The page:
You can make sure your phone is in airplane mode when you drive, never snack when you’re behind the wheel, always have both hands on the wheel, and yet still be a distracted driver.
Keeping your head in the game is the greatest challenge professional drivers face when it comes to keeping ourselves and everyone around us safe from harm. It’s a delusion to believe we can focus solely on the task of driving when behind the wheel, or that the solution to this challenge is mandated rest.
I firmly believe that road safety starts with the right attitude in your head. For example, you shouldn’t be driving if you’re filled with any destructive emotion such as anxiety, anger, or depression. The same applies if you are experiencing fatigue, burn-out, or exhaustion.
But is that even possible in the world that commercial drivers’ move in? How many of you professional drivers reading this have made it through a week without experiencing at least one of the physical or emotional factors I alluded to? And what do you do, if anything, about it?
I’m pretty sure that every dispatch office – as well as every shipping and receiving office – has experienced the angry, irate, or emotionally-charged truck driver. Very often, we drivers are a pressure cooker filled with nuggets of emotion stewing in a broth of fatigue. Woe betide the dispatcher or shipping clerk that pops open the lid without backing off the pressure first.
Having a fellow driver you can call and just shoot the breeze with when anxiety and fatigue start to take hold is important. I’m no psychologist, but I know that talking to someone who shares your same experience and background in the industry is a fantastic way to change the channel in your head.
Often, that is all that you need to dissipate the anger or frustration you are feeling. It’s a simple way of releasing that pressure you’re experiencing. In the two decades that I’ve been trucking, I have never sat in a safety meeting that has discussed the everyday emotional challenges that drivers – especially longhaul drivers – face with any great depth.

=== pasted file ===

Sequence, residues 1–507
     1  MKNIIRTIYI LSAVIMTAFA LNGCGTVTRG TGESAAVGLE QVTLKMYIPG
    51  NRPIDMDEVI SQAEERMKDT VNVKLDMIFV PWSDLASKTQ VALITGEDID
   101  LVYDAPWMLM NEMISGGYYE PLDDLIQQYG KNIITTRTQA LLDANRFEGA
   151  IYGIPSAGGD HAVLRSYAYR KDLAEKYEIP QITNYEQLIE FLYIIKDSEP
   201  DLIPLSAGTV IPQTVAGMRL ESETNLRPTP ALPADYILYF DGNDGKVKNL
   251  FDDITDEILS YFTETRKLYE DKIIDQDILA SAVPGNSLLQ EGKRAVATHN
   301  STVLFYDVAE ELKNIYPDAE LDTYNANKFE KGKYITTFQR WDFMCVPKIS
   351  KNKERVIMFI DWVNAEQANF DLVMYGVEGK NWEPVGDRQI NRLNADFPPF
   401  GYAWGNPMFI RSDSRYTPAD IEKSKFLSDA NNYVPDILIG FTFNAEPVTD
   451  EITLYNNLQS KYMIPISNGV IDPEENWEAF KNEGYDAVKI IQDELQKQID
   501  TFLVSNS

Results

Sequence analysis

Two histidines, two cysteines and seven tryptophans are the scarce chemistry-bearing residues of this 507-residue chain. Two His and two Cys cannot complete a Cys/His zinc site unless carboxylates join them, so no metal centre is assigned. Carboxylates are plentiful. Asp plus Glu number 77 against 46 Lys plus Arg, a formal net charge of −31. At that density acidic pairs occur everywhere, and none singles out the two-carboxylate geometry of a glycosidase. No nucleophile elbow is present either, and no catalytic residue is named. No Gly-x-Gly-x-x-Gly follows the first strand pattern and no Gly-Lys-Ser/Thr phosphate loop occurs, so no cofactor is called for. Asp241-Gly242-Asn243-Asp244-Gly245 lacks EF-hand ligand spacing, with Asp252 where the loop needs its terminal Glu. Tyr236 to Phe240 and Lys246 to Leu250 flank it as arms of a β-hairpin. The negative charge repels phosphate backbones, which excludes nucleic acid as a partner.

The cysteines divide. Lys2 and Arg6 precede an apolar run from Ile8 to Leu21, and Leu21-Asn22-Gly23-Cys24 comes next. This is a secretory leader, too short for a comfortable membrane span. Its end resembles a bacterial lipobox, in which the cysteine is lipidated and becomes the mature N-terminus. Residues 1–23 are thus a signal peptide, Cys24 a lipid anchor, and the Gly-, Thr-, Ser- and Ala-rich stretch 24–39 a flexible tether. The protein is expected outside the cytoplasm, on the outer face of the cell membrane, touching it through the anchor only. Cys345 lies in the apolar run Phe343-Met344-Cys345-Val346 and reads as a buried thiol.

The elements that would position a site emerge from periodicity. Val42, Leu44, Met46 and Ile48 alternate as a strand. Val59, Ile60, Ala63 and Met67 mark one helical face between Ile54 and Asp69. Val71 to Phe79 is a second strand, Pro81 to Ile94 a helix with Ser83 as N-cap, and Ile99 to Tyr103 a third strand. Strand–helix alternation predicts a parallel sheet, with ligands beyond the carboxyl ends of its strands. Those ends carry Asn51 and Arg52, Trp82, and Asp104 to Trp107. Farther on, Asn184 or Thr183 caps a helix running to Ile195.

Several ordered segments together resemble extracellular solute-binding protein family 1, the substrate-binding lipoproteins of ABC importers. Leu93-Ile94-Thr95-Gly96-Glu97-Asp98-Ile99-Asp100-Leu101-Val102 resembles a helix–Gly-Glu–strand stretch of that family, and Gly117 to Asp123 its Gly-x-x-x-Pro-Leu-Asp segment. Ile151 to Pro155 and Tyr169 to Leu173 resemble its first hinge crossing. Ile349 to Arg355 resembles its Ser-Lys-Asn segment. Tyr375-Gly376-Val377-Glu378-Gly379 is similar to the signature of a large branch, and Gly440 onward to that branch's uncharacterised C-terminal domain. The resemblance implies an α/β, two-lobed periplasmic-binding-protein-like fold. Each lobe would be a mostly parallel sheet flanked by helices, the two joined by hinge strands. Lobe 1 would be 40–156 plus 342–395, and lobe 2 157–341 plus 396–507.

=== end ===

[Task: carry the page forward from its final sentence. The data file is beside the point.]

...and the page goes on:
The closest to this topic we ever seem to get is when employee benefits are discussed and employee assistance programs are on the agenda.
But what about fatigue, weariness, exhaustion, and burn-out? Well, to be honest, those are things we only talk about in terms of hours-of-service regulations and drivers know those rules are not a magic elixir to eliminate fatigue.
So, in my opinion, distracted driving results from the debilitating emotional and physical responses we experience as a result of the work we do. You get emotionally charged, or fatigued, or both, and your mind wanders off to deal with those issues. Your head is no longer in the game. You are now experiencing a much higher level of risk and you probably aren’t aware of it.
Eighty per cent of ongoing driver training (if you get any training, that is) should be learning about how to keep your head in the game and how to recognize the emotional and physical factors within yourself that put you at an increased level of risk. I think this is the most important step towards improving the dismal safety record within our industry.
I’m raising this topic because for the last several months, I have been feeling a heightened level of anxiety and burn-out. As a result, I have become hypersensitive to requests from the folks in operations that place any additional demand on my time, even if those requests are reasonable and not at all unusual, which is the majority of the time.
I have a high degree of respect for the people I work with. I’ve worked with many of them for more than 16 years now, so the last thing I want to do is act like a jerk and be disrespectful or unreasonable.
How our mental well-being affects our personal safety and the safety of others on the job, is a huge topic. I think workplace safety in the trucking industry deserves a driver’s point of view from the front lines.
Hopefully I can bring you some of that perspective over the next several months with a break here and there for any hot topics that grab my attention. Be aware and be safe out there drivers.
Al Goodhall has been a professional longhaul driver since 1998. He shares his experiences via his blog at www.truckingacross canada.blogspot.com. You can follow him on Twitter at @Al_Goodhall